- The Washington Times - Sunday, January 23, 2005

JERUSALEM — Israel has quietly seized tracts of Jerusalem land owned by Palestinian residents of the West Bank after they were cut off from their property by Israel’s separation barrier, attorneys for the landowners said.

The land was taken after Prime Minister Ariel Sharon’s government decided several months ago to enforce a long-dormant law that allows Israel to seize lands of Palestinians who fled or were driven out during the 1948-49 Middle East war that followed Israel’s creation.

The new policy, first reported in the Israeli daily Ha’aretz, could affect hundreds of Palestinians who own property in Jerusalem and is sure to raise the stakes in the stormy battle over the city, which Israelis and Palestinians both claim as their capital.

The landowners affected so far live in the West Bank towns of Bethlehem and Beit Jalla, just south of Jerusalem. Their land was taken in August, after Israel’s West Bank separation barrier cut them off from their land in the city.

According to documents from Israel’s Finance and Justice ministries, the land was transferred to the Custodian of Absentee Property, a body formed by a 1950 law that allowed the seizure of property of Palestinians who had left Israel during the war.

Bethlehem resident Johnny Atik said yesterday that he lost 8 acres of olive groves within Jerusalem’s municipal boundaries as a result of the policy. The land is 100 yards from his home, on the other side of an electronic fence and patrol road that are part of the separation barrier.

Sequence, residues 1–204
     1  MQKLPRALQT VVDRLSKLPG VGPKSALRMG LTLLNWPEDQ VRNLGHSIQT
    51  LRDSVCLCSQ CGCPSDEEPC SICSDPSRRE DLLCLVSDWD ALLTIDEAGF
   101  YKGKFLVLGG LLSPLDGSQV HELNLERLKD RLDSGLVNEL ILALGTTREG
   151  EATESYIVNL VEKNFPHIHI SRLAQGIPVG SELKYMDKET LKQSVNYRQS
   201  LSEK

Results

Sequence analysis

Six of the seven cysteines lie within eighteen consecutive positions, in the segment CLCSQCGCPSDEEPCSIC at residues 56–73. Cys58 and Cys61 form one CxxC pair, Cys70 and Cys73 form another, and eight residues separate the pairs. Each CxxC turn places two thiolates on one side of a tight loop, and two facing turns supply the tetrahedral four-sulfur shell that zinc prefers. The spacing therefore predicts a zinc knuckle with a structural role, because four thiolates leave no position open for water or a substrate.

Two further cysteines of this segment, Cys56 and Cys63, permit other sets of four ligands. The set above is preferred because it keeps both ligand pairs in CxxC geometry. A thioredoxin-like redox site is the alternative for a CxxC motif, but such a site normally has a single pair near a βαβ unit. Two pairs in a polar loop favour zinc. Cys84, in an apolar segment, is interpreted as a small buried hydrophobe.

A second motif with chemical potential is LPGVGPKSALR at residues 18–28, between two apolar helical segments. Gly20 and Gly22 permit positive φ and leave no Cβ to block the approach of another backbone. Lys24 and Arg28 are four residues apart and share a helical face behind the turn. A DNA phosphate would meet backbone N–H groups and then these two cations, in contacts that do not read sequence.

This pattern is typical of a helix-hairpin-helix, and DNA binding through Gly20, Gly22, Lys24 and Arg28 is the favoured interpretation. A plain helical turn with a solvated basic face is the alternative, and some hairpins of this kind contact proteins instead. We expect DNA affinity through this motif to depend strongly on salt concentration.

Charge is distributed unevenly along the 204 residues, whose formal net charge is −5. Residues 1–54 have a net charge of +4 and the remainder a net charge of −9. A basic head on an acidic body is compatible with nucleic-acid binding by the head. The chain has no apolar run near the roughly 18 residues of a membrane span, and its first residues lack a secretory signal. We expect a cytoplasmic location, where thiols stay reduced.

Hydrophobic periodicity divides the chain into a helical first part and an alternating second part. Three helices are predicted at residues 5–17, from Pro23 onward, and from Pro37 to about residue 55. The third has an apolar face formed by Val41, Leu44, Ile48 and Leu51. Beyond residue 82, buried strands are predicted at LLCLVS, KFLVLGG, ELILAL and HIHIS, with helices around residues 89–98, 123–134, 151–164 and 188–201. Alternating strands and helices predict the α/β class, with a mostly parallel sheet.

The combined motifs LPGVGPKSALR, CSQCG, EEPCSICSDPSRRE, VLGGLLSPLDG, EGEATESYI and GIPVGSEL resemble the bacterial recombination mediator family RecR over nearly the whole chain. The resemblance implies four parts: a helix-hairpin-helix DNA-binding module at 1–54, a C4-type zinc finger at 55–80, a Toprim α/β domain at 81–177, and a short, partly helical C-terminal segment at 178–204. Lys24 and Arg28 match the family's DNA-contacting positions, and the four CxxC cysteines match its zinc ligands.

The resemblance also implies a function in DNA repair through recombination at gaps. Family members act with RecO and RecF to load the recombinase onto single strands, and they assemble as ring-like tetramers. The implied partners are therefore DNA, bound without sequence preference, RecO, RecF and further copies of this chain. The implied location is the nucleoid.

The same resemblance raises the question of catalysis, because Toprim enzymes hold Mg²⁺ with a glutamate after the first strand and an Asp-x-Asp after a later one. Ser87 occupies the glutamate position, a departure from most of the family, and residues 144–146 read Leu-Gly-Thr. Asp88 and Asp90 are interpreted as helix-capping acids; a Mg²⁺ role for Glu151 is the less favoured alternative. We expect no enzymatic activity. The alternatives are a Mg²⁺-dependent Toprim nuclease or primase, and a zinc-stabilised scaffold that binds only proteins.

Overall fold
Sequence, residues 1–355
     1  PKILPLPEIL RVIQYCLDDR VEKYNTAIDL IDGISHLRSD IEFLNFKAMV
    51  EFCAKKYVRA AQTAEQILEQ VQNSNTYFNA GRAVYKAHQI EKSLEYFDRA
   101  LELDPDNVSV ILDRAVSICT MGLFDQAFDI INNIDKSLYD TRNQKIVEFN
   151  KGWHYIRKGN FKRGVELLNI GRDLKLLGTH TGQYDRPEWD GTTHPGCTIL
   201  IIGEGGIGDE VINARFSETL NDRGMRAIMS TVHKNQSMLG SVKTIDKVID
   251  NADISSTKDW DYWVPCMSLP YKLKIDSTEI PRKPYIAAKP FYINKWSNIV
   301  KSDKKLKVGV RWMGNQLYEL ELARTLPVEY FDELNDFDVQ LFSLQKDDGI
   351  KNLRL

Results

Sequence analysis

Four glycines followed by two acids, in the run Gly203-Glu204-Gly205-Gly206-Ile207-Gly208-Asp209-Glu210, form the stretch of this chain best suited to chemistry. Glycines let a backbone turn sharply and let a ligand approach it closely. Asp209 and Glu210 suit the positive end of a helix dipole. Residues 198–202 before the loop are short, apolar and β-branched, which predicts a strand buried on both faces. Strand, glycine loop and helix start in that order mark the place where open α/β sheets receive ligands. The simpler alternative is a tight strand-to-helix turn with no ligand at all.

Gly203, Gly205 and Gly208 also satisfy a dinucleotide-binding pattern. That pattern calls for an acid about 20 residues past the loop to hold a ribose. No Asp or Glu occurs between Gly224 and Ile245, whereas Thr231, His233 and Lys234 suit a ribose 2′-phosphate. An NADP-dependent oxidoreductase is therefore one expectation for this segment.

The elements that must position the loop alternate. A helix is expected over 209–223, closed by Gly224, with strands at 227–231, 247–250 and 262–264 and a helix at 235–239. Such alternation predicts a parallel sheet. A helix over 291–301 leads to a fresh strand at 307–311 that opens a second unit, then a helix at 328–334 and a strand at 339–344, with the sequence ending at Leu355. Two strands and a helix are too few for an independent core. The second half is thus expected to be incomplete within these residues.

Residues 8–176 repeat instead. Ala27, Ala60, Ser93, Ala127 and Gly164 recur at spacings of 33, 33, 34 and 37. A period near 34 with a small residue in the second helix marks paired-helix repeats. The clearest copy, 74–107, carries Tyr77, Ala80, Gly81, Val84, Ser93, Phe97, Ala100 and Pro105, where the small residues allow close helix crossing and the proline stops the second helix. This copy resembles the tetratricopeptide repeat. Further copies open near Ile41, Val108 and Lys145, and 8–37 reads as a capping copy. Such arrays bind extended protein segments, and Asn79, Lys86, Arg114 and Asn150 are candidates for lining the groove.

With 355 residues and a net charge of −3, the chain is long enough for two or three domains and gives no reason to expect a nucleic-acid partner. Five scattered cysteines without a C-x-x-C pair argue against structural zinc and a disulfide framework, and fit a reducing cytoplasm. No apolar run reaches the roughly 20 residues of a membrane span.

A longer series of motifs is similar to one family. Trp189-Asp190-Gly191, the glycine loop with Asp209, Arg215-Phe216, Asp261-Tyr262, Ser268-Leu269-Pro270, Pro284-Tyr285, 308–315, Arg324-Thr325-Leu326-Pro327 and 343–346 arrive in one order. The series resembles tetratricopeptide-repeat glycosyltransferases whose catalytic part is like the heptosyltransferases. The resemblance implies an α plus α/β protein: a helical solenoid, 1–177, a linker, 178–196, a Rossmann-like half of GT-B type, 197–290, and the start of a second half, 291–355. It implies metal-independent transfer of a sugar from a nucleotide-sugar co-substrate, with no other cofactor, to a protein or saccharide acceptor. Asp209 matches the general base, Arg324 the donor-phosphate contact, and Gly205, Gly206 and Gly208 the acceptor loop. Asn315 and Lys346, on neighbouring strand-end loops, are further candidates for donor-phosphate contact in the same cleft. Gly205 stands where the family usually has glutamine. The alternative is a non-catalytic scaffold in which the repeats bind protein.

“The olives fall on the ground,” he said. “We see them, but we can’t get to them.”

Mr. Atik said 40 families in his neighborhood alone have lost land.

Hundreds of other Palestinians are at risk of having land seized, said lawyers Daniel Seidemann and Mohammed Dahla, who represent several of the landowners.

Mr. Atik plans to appeal to the Supreme Court. But Israeli legal analyst Moshe Negbi, who is often critical of Israeli moves in the West Bank, said an appeal to the high court probably would fail.

“I think it would stand up to a Supreme Court appeal, because unfortunately, the law allows for this,” he said. “It isn’t logical, because East Jerusalem was also part of the West Bank, but from the point of view of Israeli law, that’s the situation.”

Copyright © 2018 The Washington Times, LLC. Click here for reprint permission.

The Washington Times Comment Policy

The Washington Times welcomes your comments on Spot.im, our third-party provider. Please read our Comment Policy before commenting.


Click to Read More and View Comments

Click to Hide